Good morning from Brussels, Belgium!
I arrived here on Saturday from the Netherlands. This the second stop of my 3-week trip to Europe.
My first five days and nights in Amsterdam passed rather slowly–unfairly colored by the loud and seedy Red Light District, where I stayed. But what the concentration of weirdness of the Red Light District couldn’t color was my first of three workshops that I am hosting while here in Europe.
Eight of us gathered last Thursday to discuss the five most important ideas that I’ve learned about creativity, self-expression and writing–ideas that encapsulate five years of work and artistic exploration, plus the last two years of working with more than 80 writers from 7 countries
Today, I want to share with you three of the biggest and most important ideas that I would hope you would take home with you after attending one of my European workshops–no matter where in the world you may be.
1. Change your story, change your path.
Stories surround us in advertisements, novels and television shows. Stories lead us through conversations with friends and family. We tell a story when we meet someone new.
But the stories that I’m talking about here are the stories that we tell ourselves about ourselves, because those stories shape the directions of our lives.
These stories contain self-limiting thoughts and empowering beliefs, palpable dreams and our deepest fears. This grand story is one we live, so it’s hard to see it and hard to step back to understand what’s “just a story” and what’s reality.
That’s just it–your story is a choice.
Your story is many choices and decisions and beliefs, all of which, when given life aloud or in your head, affect your life presently–and influence your future.
I believe that the stories we tell ourselves literally shape our realities, presently–defining the very journey beneath our feet.
So don’t tell the story that you don’t want to be living anymore. Even if things are damn good, wonderful, perfect–try altering the details of the story that you’re telling to see if you too can shape the direction of where you wish to go.
Change your perspective on the story–reframe it, reinterpret it, sidestep that one viewpoint to discover another–and suddenly, the story of a past event or “old life” that you were once living becomes the fuel that moves you forward into the life you’ve long dreamed of.
Change your story. And you will change the very path beneath you.
2. You will find your “Voice” by breathing life into the core beliefs that guide your soul.
Writers and singers often discuss something called “voice,” a term we might use to describe a particular comfort level, confidence level or aura of authenticity that guides words or songs with ease, lightness and honesty.
Voice is truth, resonated.
Not just a matter of skill in action–writing well or singing well–voice is an intangible quality, a feel, that shapes our [perception of] truth as social creatures who wish to embody what they believe, beyond quietly believing it.
We wish to feel like swordsmen of the Truth that we believe in when we express ourselves. We call that “voice.”
In my experience working with writers and artists across the world, this otherwise intangible and unidentifiable quality called “Voice” finds its roots in how we express what we express–in other words, we find our “voice” when the manner in which we speak, express and create acts as a mirror to the values, core beliefs and guiding principles that we live by.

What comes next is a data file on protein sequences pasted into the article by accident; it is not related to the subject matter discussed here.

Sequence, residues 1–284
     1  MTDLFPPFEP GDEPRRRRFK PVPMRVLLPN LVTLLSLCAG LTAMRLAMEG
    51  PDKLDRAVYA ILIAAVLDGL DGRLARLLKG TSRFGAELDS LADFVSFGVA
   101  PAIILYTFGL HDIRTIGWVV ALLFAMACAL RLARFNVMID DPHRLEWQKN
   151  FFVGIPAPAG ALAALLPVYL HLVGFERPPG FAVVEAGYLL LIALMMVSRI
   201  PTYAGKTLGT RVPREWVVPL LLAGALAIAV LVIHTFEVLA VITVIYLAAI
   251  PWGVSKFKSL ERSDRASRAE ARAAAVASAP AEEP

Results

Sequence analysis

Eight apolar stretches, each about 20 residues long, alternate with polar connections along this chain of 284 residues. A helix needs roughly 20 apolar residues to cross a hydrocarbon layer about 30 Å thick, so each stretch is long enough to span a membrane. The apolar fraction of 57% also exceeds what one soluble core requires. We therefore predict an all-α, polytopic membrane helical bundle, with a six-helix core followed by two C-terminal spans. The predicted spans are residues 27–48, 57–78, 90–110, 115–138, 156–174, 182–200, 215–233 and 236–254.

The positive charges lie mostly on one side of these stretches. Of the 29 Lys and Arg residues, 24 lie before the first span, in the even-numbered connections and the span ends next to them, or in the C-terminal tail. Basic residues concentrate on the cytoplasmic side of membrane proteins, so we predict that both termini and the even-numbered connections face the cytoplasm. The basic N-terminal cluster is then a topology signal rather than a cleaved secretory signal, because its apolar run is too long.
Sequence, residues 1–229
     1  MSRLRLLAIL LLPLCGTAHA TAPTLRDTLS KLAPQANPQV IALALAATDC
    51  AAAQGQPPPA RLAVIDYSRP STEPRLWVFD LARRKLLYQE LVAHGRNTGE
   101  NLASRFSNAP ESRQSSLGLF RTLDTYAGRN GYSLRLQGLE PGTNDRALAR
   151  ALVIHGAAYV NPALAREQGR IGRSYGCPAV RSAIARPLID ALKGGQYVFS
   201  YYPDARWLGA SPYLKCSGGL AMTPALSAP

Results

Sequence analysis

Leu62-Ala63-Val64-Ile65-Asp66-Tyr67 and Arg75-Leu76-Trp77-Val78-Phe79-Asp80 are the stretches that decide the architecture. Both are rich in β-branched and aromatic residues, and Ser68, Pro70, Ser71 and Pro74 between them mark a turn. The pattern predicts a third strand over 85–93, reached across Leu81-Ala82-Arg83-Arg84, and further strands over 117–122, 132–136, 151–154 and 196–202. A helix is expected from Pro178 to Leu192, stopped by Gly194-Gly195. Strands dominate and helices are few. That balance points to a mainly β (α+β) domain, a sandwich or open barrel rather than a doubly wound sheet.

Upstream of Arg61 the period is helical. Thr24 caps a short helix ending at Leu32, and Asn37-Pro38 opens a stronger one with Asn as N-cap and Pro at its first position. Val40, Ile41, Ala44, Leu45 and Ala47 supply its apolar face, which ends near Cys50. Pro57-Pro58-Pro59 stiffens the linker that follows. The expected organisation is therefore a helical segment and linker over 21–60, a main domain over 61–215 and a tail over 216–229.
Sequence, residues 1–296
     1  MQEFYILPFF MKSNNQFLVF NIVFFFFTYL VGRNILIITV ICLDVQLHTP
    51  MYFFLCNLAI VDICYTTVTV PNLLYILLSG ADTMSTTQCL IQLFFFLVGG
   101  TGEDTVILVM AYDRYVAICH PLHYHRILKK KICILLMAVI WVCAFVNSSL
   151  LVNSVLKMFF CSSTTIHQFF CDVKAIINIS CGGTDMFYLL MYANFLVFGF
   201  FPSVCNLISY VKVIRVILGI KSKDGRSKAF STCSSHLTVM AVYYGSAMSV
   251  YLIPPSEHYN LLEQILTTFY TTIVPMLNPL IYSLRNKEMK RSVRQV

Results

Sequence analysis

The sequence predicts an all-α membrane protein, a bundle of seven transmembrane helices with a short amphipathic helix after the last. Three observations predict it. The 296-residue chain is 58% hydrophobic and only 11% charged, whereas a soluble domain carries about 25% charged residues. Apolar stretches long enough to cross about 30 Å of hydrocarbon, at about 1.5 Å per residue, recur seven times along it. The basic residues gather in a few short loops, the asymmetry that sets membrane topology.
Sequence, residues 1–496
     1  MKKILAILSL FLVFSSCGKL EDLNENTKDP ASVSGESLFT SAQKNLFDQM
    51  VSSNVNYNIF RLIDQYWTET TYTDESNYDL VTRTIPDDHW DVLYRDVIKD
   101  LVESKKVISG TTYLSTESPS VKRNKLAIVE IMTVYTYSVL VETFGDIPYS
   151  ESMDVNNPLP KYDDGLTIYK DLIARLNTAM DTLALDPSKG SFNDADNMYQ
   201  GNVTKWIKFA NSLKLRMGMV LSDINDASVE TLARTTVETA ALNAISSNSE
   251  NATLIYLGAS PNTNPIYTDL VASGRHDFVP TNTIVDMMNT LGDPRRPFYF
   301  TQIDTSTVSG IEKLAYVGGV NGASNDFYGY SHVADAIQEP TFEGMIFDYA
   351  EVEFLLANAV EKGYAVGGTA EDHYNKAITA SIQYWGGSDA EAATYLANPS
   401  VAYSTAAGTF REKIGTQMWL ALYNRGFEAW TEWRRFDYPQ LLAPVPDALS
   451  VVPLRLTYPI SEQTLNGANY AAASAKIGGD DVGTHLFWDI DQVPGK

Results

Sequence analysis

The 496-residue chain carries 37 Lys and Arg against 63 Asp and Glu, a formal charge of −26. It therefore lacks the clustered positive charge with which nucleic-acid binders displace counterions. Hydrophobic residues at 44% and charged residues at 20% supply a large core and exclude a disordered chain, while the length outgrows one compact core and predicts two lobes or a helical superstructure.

If I said that my deepest values in life are freedom, artistry and service, the feeling of “voice” for me as a writer would hinge upon whether or not my words embodied freedom, artistry and service:
- If I made you feel like a prisoner to my words or work by telling you that I have all the answers, you would probably not feel “free,” and so my words would be contradicting my values.
- If my website or books were designed cheaply because I wanted to save money, I would fail to honor my value of artistry, and I would be subtly telling you that the cheap-and-easy route is just as good as the slow, meaningful, artful one.
- If my works and work never mentioned the effect that your life has on other people, I would fail to honor my value of service and perhaps your own, as well.
To find your voice, you need to breathe life into the guiding beliefs and principles that quietly define your entire life’s existence–what, to our soul, make life worth living and fighting for.
Breathe life into those values, and your voice will follow.
3. What separates the achievers from those who fall short is not freedom from obligations, but an undying dedication to the Path of Purpose.
The greats who achieve are obsessively dedicated–relentlessly, they find the willpower and simple discipline to continually dedicate and rededicate themselves to what they want, need and love, every day.
One of the most dangerous myths that most of us tend to believe is that what separates the successful from those who fall short is talent–God-given brilliance or ingenuity, or some unfair advantages like having no obligations or responsibilities to fulfill in their daily lives.
Practical action, repeated daily or almost-daily, produces real results.
You’ll never be guaranteed “success” or anything of that sort–what you need to focus on is how much effort, time and dedication you are investing into your path of purpose.
There is no road-map to success. Our successes hinge upon intangible qualities like discipline, self-awareness, willpower and commitment.
The fruits of your efforts may not come in the form of money, fame and glory–those things that we tend to call “successes” and lust for, because we think they’ll make us happier and make life easier.
But I would be so bold to guarantee that your journey, my friend, will be all the richer, more meaningful and more memorable for it.